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A digital US dollar: What it could look like in the country

The White House claims there are benefits to digital currency. However, some risks include "stability of the financial system" to "protection of sensitive data".

WASHINGTON D.C., DC — Editor's note: The video above is from March 8, 2022. 

The Biden administration has released objectives and analysis for the possibility of a digital dollar. The White House Office of Science & Technology released a report on Friday outlining how a digital dollar could work with an evermore digital economy.

"A United States central bank digital currency (CBDC) would be a digital form of the U.S. dollar," according to the report sent out from the White House. "While the U.S. has not yet decided whether it will pursue a CBDC, the U.S. has been closely examining the implications of, and options for, issuing a CBDC". 

The White House says millions of people globally own digital assets, including 16% of adult Americans. While more people get comfortable with digital forms of currency, there are risks. 

Eswar Prasad, a trade professor at Cornell who studies the digitization of currencies, said Treasury's report “takes a positive view about how a digital dollar might play a useful role in increasing payment options for individuals and businesses” while acknowledging the risks of its development.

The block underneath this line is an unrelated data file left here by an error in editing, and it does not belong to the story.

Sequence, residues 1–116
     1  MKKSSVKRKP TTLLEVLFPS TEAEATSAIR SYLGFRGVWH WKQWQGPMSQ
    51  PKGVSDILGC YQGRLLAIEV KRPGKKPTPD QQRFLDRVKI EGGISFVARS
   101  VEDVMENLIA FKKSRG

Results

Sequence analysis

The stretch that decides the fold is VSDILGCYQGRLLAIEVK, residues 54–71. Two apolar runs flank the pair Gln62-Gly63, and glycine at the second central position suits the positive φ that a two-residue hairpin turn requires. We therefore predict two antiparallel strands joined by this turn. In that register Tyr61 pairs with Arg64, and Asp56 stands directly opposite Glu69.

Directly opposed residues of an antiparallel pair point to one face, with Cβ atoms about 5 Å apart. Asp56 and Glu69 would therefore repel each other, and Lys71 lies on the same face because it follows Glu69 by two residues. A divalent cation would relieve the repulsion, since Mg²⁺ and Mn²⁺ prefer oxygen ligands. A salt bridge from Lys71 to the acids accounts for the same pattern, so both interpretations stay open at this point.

He said the report sets the stage for the creation of agency regulations and legislation “that can improve the benefit-risk tradeoff associated with cryptocurrencies and related technologies.”

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In March, President Biden signed an executive order, and for months agencies throughout the government say they have been looking to create a framework. 

One major concern Americans have with digital currencies is security. The White House says many of these forms of digital currency mislead people regarding concerns and "almost a quarter of digital coin offerings had disclosure or transparency problems—like plagiarized documents or false promises of guaranteed returns" according to one study.

There are also concerns about scams and fraud, the FBI says monetary losses from digital assets were nearly 600% higher in 2021 than in 2020.

The Biden administration says the current financial system isn't working, leaving about 7 million Americans with no bank account. 

"Another 24 million rely on costly nonbank services, like check cashing and money orders, for everyday needs. And for those who do use banks, paying with traditional financial infrastructure can be costly and slow — particularly for cross-border payments," according to a release from the White House.

Some of the steps the White House says need to happen prior to moving to more digital currency are:

  • Work with financial institutions to bolster their capacity to identify and mitigate cyber vulnerabilities. 
  • Identify, track and analyze emerging strategic risks that relate to digital asset markets.
  • Develop a digital assets research and development agenda.
  • provide innovative U.S. firms developing new financial technologies with regulatory guidance, best-practices sharing, and technical assistance through things like tech sprints and Innovation Hours.
  • Track digital assets' environmental impacts; develop performance standards; provide local authorities with the tools to mitigate harms.

The White House says the Financial Stability Oversight Council will publish a report in October that will look at regulatory gaps and will make recommendations for financial stability.

Read the full report below: 

The Associated Press contributed to this report. 

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